Therefore, except in the rare case that you hold an SVQ/NVQ Level 4 (or higher) to UK standards you will need to sit the Assessment in Marine Cookery.

  • Q. Are you a professionally qualified chef hoping to get your first job on a yacht? 

If you answered yes, the MLC requires that you have one month of sea service first.      

Food Hygiene (at least Level 2) forms part of the Assessment in Marine Cookery. However, if you have already successfully attended and passed a Food Hygiene Course it will not be necessary for this to be re-taken as part of the Assessment in Marine Cookery.

As above, except in the rare case that you hold an SVQ/NVQ Level 4 to UK standards you will need to sit the assessment.

  • Q. Are you unqualified as a chef, but have more than one year's experience in the galley of a yacht? 

In this case you will have to pass the Assessment in Marine Cookery.

Food Hygiene (at least Level 2) forms part of the Assessment in Marine Cookery. However, if you have already successfully attended and passed a Food Hygiene Course it will not be necessary for this to be re-taken as part of the Assessment in Marine Cookery.

  • Q. Are you unqualified as a chef, but have more than one year's experience in a kitchen ashore?

You will have to get one month's sea service and pass the Assessment in Marine Cookery and complete all the Basic Seafarer Safety Courses.

A cook who is untrained and has no yachting experience is highly unlikely to get a job on a charter yacht. However, chefs who are professionally trained or not, can still work on yachts with under 10 crew without holding a Ship's Cook Certificate, and progress to larger yachts with the additional catering and basic seafarer training.

Food Hygiene (at least Level 2) forms part of the Assessment in Marine Cookery. However, if you have already successfully attended and passed a Food Hygiene Course it will not be necessary for this to be re-taken as part of the Assessment in Marine Cookery.

The change that had to come

The Ship's Cook Certificate has become a mandatory certificate for those looking for jobs as yacht chefs on vessels with more than 10 crew (in line with rules on minimum manning). Crew placement agents now require all candidates to have this standard qualification. 

The certificate will also help counteract the many forgeries in the sector: made-up cooking courses, phony references - even 'pity references', which are a common problem in this industry due to friendships on board. Many a time we've seen someone fired for incompetence, still leaving with a glowing reference due to the captain 'feeling bad'. 

More broadly, “Gaining this qualification will enhance a chef’s career and enable them to aim for better jobs. The MCA Ship's Cook Certificate is not only a legal requirement, it sets a level playing field on which captains/recruiters rely when making hiring decisions.” Duncan stresses.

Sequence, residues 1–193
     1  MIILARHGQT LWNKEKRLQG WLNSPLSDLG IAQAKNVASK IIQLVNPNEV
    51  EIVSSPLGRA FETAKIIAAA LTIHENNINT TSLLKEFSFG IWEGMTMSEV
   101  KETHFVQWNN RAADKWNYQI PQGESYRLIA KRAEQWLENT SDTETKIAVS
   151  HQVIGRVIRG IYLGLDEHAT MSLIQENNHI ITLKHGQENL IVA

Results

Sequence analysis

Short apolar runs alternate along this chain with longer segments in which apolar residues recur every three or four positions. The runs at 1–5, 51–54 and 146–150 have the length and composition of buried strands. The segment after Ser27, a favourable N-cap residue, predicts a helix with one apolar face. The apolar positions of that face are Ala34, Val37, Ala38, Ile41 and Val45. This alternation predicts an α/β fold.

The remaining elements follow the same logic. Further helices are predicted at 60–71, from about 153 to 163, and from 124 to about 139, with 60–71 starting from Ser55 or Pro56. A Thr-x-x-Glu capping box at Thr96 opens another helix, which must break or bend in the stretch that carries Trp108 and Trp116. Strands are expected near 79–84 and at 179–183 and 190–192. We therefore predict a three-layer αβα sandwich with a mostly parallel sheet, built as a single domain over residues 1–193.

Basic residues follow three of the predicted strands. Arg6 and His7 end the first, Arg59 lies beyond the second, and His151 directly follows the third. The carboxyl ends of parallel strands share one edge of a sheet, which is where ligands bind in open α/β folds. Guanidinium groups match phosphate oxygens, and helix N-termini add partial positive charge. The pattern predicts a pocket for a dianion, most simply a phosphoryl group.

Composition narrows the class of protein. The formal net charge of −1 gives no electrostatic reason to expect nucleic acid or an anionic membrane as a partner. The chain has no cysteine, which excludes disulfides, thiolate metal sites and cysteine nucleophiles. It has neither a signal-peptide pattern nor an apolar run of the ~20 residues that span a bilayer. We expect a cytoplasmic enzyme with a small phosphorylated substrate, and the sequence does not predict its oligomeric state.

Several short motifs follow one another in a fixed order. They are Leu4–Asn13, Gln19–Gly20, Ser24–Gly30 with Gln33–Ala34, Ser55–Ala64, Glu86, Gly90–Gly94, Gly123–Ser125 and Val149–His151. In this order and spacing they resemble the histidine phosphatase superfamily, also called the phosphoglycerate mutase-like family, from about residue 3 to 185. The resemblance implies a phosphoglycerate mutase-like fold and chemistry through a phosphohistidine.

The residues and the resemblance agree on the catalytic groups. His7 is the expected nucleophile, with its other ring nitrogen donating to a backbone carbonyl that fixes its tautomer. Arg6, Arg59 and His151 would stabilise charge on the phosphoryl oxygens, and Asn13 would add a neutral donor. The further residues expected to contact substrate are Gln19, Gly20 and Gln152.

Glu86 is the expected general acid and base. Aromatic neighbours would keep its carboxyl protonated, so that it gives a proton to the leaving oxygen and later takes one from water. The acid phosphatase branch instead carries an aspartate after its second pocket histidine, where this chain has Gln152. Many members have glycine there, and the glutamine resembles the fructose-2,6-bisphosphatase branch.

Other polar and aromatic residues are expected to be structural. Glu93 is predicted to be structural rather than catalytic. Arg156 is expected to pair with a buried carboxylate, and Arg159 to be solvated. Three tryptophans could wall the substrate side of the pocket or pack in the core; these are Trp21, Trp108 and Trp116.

Is 'self-taught' ever good enough?

Many of the yacht chefs I know are self-taught, and they are extremely good at their jobs. Now, with a Ship’s Cook Certificate, self-taught chefs can get the certification they need to demonstrate their skills and aid their career development.

Without curriculum courses, self-taught cooks almost inevitably cook the types of food they like best, neglecting the things they find difficult, but a chef on a charter yacht needs to have core skills across a wide range of cuisines.

Another positive outcome of this certification is that it requires chefs to know about food allergies, special diets and religious dietary requirements. With this becoming more prevalent among owners and charter guests, as well as crew, it's vital that a chef really knows what they are doing in this regard. Many think they know how to cater to a gluten free diet, only to put soy sauce or pre-grated cheese on their dishes. (Look it up!).

Professional recognition for chefs

It’s a fact that the yachting industry is evolving and is becoming more regulated, and in line with this training and assessments are required to fulfil these needs.

With all departments being subject to more exams and assessments, this is an opportunity for chefs to be recognised as a valued member of the crew, highlighting the hard work involved in managing a successful galley operation, from menu planning and budgets to supplies and stock control.

For the full MCA merchant shipping notice pertaining to the Ship's Cook Certificate, please click here.

With thanks to 


Related Articles:

Superyacht Chef Duncan Biggs on Why Knowledge is Power
Richard Sprenger: The Future of Food Safety on Board Superyachts
Ensuring Superyacht Quality from Farm to Table